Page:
Anyone out there concerned about the amount of influence Glenn “Heh” Reynolds holds over what people read out on the internets should be more worried about the links that folks don’t click on but instead assume, understandably, to say something roughly approximating what Professor Reynolds says they do.
Take the new website Save the ACLU, organized by influential members and former members who’ve had a series of increasingly nasty and public disputes with the current leadership over how well the organization is living up to its own values. The major flashpoints have been the extent of compliance expected of board members with the leadership’s public relations approach, and the extent of compliance demonstrated by the leadership with conditions imposed by public and private organizations offering funding.
As the website describes,
Over the past three years, these breaches of principle include the ACLU’s approval of grant agreements that restrict speech and associational rights; efforts by management to impose gag rules on staff and to subject staff to email surveillance; a proposal to bar ACLU board members from publicly criticizing the ACLU; and informal campaigns to purge the ACLU of its internal critics.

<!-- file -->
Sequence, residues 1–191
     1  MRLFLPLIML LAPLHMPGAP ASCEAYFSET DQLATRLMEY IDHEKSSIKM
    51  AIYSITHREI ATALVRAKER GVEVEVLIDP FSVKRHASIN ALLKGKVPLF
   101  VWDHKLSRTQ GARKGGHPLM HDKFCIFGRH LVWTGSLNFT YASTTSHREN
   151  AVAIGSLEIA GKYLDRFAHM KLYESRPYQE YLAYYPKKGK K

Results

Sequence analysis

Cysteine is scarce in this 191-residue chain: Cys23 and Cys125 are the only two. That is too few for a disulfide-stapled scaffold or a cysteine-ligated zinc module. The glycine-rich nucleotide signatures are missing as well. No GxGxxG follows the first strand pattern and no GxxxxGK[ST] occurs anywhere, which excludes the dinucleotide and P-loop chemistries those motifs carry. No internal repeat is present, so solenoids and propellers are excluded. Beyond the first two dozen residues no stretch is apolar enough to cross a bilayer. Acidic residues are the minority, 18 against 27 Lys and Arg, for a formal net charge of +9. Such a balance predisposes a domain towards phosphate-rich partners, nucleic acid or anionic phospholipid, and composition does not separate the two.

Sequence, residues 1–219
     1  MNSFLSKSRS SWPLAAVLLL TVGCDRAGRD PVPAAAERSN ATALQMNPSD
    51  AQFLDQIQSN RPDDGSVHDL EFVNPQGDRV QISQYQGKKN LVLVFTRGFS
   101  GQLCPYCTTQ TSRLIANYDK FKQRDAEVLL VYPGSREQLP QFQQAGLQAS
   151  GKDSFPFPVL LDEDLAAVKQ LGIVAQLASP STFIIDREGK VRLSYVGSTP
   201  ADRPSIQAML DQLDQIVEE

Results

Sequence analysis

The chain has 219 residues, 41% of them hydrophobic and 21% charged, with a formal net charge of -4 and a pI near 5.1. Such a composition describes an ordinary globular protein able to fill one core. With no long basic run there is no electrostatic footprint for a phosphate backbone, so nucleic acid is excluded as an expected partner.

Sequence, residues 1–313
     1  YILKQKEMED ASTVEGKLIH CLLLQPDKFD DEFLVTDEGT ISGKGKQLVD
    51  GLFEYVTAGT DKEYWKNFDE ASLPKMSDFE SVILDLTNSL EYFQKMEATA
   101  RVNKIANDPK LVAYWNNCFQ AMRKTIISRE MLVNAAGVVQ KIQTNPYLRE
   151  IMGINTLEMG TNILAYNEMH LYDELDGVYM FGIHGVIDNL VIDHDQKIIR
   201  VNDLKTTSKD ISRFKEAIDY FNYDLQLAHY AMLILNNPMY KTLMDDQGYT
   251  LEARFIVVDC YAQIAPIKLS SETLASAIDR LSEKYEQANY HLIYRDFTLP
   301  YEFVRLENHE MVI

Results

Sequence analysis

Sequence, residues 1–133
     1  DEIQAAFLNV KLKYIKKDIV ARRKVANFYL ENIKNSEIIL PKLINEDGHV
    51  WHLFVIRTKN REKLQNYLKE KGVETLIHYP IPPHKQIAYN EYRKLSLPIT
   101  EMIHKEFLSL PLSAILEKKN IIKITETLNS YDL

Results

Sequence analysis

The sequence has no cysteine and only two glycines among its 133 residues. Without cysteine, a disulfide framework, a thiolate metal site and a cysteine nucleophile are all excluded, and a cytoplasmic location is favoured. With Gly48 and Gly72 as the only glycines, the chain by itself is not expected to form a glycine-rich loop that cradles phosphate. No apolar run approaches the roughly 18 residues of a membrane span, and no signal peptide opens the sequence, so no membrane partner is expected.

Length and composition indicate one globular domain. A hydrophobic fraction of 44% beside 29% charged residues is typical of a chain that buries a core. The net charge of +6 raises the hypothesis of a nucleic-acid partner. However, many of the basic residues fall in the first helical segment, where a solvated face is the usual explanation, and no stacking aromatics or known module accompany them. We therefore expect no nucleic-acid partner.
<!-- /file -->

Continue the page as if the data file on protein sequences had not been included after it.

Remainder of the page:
You’d have a hard time guessing that those were the sorts of grievances in play if you just read the link on Instapundit, which reads:
A SAVE THE ACLU CAMPAIGN from supporters who feel the organization has become excessively politicized.
Now the generous read here I suppose would be that “politicized” refers to “office politics” – that the ACLU is being accused of being too political in the sense of being too concerned with reputations and status and salaries and the like. But that’s hardly the intuitive read of that sentence. If you didn’t know better, you’d think that even the ACLU’s supporters have come to echo the contention of Reynolds and others that when the ACLU was backing free speech three decades ago it was being heroic, but when it backs privacy rights today it’s being “political” out of hatred for Bush.
The gripe of the critics, arguably, is that the ACLU isn’t being political enough – that is, that the politics of its mission haven’t sufficiently infused its methods of implementation.